Prosecutors across the country have cited lyrics and videos made by defendants to aid their cases, while defense lawyers have argued that the material should not be used as evidence.



Police in Newport News, Va., last year charged Antwain Steward stage name: Twain Gotti in a 2007 double homicide after coming across a track that appeared to describe the killings. The rapper was acquitted of murder this year but convicted of a gun offense.

A review by the American Civil Liberties Union found that judges have generally allowed prosecutors to use lyrics at trial.

A federal judge allowed prosecutors in New York to use lyrics against Ronell Wilson in the 2003 murder of two undercover detectives. Investigators believed one set described the incident itself, while others showed the rapper's gang ties.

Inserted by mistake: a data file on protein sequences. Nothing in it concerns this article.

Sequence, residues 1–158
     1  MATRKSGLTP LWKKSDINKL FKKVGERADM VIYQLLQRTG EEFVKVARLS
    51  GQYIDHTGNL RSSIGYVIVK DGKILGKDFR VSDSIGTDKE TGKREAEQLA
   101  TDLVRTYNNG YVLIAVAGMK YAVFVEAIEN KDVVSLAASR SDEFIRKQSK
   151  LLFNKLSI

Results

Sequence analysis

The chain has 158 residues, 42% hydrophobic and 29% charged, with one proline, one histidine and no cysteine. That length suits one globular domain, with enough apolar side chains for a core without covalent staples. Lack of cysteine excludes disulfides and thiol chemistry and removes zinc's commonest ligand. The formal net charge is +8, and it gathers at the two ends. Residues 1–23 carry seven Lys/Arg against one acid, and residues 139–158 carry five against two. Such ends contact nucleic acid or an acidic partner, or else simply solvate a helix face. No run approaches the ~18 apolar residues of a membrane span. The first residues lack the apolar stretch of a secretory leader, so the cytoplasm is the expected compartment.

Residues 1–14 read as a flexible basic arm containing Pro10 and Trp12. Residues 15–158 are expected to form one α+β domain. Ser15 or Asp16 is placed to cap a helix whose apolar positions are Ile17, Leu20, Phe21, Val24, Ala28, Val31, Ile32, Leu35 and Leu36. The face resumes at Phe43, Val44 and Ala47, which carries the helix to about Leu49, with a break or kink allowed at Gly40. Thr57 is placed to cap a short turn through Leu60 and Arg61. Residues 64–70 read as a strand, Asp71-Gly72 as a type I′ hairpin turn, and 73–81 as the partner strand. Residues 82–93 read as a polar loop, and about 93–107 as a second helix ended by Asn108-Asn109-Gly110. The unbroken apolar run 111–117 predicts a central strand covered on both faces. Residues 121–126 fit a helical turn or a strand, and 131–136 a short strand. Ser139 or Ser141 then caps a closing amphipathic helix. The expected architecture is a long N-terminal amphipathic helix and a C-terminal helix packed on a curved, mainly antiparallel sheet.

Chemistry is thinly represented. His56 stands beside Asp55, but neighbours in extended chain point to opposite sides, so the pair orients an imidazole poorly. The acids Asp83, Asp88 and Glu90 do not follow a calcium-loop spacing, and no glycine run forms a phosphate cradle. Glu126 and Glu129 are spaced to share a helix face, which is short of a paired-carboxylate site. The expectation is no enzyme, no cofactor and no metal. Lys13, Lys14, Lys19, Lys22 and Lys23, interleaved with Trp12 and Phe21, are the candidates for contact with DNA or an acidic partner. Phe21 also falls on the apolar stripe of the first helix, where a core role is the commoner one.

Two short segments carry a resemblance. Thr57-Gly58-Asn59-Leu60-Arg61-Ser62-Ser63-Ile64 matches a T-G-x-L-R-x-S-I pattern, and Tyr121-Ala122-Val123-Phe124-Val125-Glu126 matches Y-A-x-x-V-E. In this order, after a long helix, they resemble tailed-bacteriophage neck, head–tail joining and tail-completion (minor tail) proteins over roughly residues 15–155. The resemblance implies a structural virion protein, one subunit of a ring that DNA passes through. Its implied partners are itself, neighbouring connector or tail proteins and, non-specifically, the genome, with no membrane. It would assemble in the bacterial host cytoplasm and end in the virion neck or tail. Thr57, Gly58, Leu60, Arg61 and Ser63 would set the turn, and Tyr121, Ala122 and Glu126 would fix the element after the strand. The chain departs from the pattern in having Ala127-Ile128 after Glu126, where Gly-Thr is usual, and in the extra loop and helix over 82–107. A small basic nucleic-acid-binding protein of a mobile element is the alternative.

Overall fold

Wilson was sentenced to death, won an appeal of his sentence, and sent back to death row in 2013.

But last month, the New Jersey Supreme Court upheld a ruling overturning Vonte Skinner's conviction for attempted murder on the grounds that his lyrics should not have been used as evidence in his trial.

Justice Jaynee LaVecchia wrote that Skinner's "violent, profane, and disturbing rap lyrics" constituted "highly prejudicial evidence" that "bore little or no probative value as to any motive or intent behind the attempted murder."

In Baltimore, authorities began to build their case against Evans as he was preparing to open for the Louisiana rapper Lil' Boosie at the Baltimore arena. Now, his attorney and other supporters say the timing of the charges was intended to prevent the 21-year-old from performing.

"Right now, he's at what we call the tipping point of his career," said Tony Austin, a former Def Jam executive who signed Evans to his record label. "It's messing up his career, but really, it could destroy his career."